> If key update is an application triggered mechanism, does the generation identifier need to be an integer to be understood by the TLS layer or could it also be an opaque identifier sent by the application. It would be much simpler not to have to deal with the requirements of consistency at the TLS layer and would make the API simpler.
> Subodh
> ________________________________________
> From: TLS [] on behalf of Keith Winstein []
> Sent: Friday, August 19, 2016 8:40 PM
> To: Stephen Farrell
> Cc: Adam Langley;
> Subject: Re: [TLS] KeyUpdate and unbounded write obligations
> On Fri, Aug 19, 2016 at 2:29 PM, Stephen Farrell
> <> wrote:
>> And for me, the dodgiest, by far. The scope for an "auditor"
>> (what is that?) actually being an attacker is IMO way too
>> high to consider standardising that kind of feature and any
>> idea that it'd involve informed consent of someone seems to
>> me fictional.
> I appreciate the sensitivity of this issue to the WG. My read of your
> email is that there's a concern that by standardizing a protocol
> mechanism that allows a node to learn when its own KeyUpdate has
> happened, the WG would imply approval of features that permit
> the bad kind of eavesdropping. Here's why I don't think that's the case:
> Our PR is for a piggyback integer field to provide security property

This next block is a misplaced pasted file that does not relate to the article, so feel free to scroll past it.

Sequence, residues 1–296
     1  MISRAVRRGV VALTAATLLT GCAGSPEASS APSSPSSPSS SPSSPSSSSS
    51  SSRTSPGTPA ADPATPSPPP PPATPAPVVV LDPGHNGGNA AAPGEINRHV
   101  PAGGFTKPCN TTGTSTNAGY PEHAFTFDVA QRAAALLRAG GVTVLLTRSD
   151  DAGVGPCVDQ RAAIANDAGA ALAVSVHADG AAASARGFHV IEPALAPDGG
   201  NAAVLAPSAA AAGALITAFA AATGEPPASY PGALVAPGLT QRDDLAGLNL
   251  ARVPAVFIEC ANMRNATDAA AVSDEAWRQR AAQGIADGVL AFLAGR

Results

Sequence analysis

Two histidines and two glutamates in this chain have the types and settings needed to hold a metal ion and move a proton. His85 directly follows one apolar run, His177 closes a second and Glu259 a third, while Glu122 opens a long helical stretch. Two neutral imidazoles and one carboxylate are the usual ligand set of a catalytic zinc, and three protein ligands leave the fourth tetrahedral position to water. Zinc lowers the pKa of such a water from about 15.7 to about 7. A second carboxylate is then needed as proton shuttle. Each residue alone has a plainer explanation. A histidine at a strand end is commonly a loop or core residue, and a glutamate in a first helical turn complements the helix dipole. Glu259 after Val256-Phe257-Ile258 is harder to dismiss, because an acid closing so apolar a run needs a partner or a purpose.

> P3: "An implementation can learn that its request to rekey its
> outgoing traffic has been read by the other side."
> KeyUpdate is an *instruction* to the other side: "please update my key
> in a forward-secure manner." We think some implementations will want
> to know that the instruction has been carried out. And there's an easy
> opportunity to do that here as a piggyback, without any extra protocol
> messages.
> A node will naturally care more about forward secrecy, and
> confirmation of a forward-secure ratcheting event, the more it has
> reason to suspect the keys might later be exposed to a third party. In
> Berlin, I described three escalating cases: the (1) node going to
> sleep, (2) node closing a connection without a mechanism for secure
> bidi close, and (3) node that itself intends to release keys to a
> read-only auditor after a ratchet is complete.
> By "read-only auditor," we mean a curious person or security
> researcher who owns an IoT device and wants to know what the heck it
> is sending out of their house, where the device doesn't want to allow
> its owner to add trusted certificates for an MITM. (This describes
> most such devices today.)
> Obviously I think it's valuable to make this mechanism available for
> IoT device manufacturers. Having talked to several manufacturers, I'm
> cautiously optimistic that some would use this. But the WG doesn't
> have to take a position on this. These use cases are up to
> implementers. There's nothing stopping an implementer today from
> releasing session keys, or allowing complete MITM, as is the case in
> the browser context with user- or admin-installed root CA
> certificates. The TLS WG hasn't opined on these either.
> To restate: Property P3 allows a node to learn that its KeyUpdate
> instruction has actually happened, which in our view is useful and a
> strict benefit over the status quo. It's also orthogonal to the issue
> of unbounded write obligations raised in this thread.
> -Keith